The benefits of investing in infrastructure as an asset class is relatively well known to all institutional investors, particularly its income generating and inflation protection characteristics.
Infrastructure Portfolio Construction
The volatility in the equity markets in recent years, coupled with the expected low yields of bonds in the long term, have seen increasing allocations to real assets in general, with infrastructure a key beneficiary of the inflows.
The strong demand has certainly given rise to valuations of these assets. The global competition for these assets, especially from large sovereign and pension funds vying for ‘big-end-of-town’ trophy assets, has only exacerbated the demand and hence valuations.
Nevertheless, the mainstream acceptance of infrastructure investing has seen governments, especially fiscally strapped ones, privatise more assets and thereby ensuring a stream of assets for institutional investing.
This has in turn given rise to a variety of distinct and economically diverse segments, classified into sectors such as:
- Economic: Energy & Utilities, Transportation, Telecommunications & Digital, Water etc
- Social: Education, Social Housing, Police & Prisons etc
Given the ‘lumpy’ and illiquid nature of these assets, as well as the economic and structural characteristics, assembling an infrastructure portfolio to meet the fund’s risk and return appetite is no mean feat.
As Lianne Buck, former Head of Infrastructure of TCorp, remarked:
“It takes a very long time to create your perfect portfolio and evolve the portfolio, and so our main challenge was taking all the disparate portfolios that we had and trying to bring them together and leverage the comparative advantage that TCorp has through its size and scale”
COVID-19 Impact on Infrastructure
With markets severely disrupted by COVID-19, it is timely to evaluate the defensiveness of infrastructure. Usually backed by an income stream guaranteed or regulated by governments, have infrastructure assets proven to be as defensive or resilient?
While the answer is generally positive for the long term, examples of dislocations in the short term include the transportation sector, particularly airports, which are clearly impacted by the lockdown. Listed infrastructure vehicles, which are notionally equities, are no doubt subject to the vagaries of the share market volatility.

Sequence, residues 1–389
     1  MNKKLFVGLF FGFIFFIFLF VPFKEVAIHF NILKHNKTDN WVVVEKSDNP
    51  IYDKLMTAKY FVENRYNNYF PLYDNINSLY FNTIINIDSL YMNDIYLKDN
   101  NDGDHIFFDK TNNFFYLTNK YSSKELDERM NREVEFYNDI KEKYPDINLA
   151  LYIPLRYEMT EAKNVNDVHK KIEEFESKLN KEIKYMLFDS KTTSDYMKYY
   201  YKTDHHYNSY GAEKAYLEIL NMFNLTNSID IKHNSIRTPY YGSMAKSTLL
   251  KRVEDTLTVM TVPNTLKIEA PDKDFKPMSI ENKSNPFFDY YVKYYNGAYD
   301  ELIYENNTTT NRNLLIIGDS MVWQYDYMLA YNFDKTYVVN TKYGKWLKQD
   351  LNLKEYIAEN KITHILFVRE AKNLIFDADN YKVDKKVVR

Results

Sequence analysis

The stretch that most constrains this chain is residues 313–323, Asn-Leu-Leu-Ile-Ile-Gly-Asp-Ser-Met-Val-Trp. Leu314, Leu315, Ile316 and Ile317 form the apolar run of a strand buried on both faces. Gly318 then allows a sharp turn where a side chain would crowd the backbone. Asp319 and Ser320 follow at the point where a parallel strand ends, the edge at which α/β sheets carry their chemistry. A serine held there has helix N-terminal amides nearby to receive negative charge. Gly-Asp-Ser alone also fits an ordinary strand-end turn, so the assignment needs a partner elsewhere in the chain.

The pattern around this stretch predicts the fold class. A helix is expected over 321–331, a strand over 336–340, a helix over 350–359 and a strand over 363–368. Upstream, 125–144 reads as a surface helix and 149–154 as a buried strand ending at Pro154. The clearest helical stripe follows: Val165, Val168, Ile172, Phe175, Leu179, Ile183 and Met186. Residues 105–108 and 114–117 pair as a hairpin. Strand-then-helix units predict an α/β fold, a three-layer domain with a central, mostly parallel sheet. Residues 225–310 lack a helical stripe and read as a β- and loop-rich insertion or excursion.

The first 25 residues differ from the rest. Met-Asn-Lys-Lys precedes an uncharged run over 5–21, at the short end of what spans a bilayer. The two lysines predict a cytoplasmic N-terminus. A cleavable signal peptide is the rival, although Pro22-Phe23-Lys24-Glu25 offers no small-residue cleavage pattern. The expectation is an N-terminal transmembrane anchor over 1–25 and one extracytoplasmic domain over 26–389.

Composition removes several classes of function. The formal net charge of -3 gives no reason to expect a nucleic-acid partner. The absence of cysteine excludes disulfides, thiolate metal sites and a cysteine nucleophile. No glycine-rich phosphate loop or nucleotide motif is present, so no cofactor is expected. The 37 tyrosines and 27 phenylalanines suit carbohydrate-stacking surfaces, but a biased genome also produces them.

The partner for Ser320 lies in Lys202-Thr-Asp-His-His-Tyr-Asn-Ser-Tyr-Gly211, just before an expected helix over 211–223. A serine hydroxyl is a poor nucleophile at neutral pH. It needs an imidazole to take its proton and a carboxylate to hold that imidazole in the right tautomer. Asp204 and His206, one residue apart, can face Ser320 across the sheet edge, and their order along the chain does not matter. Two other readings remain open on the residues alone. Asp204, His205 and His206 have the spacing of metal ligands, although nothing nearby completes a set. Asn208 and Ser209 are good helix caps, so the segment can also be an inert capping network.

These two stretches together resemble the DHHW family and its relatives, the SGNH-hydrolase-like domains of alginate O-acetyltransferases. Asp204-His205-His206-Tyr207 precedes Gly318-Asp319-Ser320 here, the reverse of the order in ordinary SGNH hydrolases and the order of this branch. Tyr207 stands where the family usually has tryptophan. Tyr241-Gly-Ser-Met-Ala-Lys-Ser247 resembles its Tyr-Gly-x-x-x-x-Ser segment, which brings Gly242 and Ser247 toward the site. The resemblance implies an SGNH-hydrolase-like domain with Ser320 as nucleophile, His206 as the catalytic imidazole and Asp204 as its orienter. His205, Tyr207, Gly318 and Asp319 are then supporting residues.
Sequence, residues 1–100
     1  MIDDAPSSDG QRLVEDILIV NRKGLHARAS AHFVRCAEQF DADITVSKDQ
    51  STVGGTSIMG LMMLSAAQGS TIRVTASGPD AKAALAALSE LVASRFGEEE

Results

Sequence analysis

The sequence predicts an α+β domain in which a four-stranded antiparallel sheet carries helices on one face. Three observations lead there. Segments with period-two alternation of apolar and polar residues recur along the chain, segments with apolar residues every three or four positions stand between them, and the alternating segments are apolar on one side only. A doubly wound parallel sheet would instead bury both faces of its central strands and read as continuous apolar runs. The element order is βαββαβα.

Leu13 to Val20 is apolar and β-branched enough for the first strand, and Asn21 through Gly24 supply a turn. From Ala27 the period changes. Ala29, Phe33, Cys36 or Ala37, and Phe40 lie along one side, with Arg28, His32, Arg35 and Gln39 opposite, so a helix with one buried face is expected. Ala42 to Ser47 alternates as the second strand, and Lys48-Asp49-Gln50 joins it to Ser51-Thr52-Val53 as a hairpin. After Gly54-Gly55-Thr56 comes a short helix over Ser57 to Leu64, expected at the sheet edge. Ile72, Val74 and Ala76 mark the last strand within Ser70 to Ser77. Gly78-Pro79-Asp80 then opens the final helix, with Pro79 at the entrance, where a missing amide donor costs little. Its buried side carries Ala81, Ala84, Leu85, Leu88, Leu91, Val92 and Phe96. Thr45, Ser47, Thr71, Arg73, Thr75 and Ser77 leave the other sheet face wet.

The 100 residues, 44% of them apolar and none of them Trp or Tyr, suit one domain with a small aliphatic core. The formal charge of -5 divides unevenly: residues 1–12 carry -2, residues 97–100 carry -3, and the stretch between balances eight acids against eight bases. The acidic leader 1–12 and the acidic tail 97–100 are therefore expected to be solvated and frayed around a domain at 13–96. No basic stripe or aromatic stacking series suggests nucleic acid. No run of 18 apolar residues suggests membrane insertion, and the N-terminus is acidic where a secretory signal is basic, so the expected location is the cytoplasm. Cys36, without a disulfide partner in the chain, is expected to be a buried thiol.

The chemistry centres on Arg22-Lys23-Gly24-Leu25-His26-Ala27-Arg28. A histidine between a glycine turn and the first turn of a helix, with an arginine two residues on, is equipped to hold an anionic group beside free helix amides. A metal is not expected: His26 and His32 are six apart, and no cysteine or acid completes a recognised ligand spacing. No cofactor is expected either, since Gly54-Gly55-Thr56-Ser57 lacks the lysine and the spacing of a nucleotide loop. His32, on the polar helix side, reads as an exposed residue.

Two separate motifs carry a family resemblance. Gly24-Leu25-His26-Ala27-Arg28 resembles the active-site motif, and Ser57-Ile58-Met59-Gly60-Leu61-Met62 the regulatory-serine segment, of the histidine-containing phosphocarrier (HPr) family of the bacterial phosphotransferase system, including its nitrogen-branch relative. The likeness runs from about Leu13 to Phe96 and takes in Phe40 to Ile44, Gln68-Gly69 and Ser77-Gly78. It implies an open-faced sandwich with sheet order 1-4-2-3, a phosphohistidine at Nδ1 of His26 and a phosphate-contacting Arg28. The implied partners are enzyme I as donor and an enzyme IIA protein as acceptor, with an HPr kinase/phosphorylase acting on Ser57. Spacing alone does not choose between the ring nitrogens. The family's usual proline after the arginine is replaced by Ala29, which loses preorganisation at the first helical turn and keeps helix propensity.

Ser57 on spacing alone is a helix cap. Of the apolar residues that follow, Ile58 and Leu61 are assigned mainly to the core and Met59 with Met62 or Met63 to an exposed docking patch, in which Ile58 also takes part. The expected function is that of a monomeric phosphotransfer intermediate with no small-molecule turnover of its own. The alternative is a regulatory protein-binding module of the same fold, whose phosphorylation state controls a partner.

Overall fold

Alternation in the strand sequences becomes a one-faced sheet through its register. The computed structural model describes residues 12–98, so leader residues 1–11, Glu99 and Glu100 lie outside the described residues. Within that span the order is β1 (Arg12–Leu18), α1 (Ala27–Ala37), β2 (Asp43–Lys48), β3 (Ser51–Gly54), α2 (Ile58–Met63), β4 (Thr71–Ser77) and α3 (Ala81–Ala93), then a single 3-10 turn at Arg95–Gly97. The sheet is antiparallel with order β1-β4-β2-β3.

However, this market dislocation also presents the investor with unique opportunities, such as the accelerated adoption of communication and digital technologies.
With the relative ineffectiveness of monetary policies, most governments are also actively utilising fiscal tools to stimulate their economies out of the recession. Infrastructure spending is a key recipient.
Energy Transition & ESG
The transition to renewable sources of energy has begun in earnest, with the active participation of institutional investors looking to lower the carbon emissions of their portfolios. It is becoming common to witness investors pledging to divest from coal related assets, or at least severely restrict exposures. Owning stranded assets is a real investment risk!
This impetus will fuel the rapid rise of the renewable energy industry, which hitherto has struggled to be commercially competitive as compared to the traditional sources of coal or gas.
At the investor roundtable co-hosted with Aberdeen Standard Investments, we endeavour to evaluate the role of infrastructure assets as part of portfolio construction, and explore unique opportunities such as digital infrastructure and renewable energy.Enquire about this event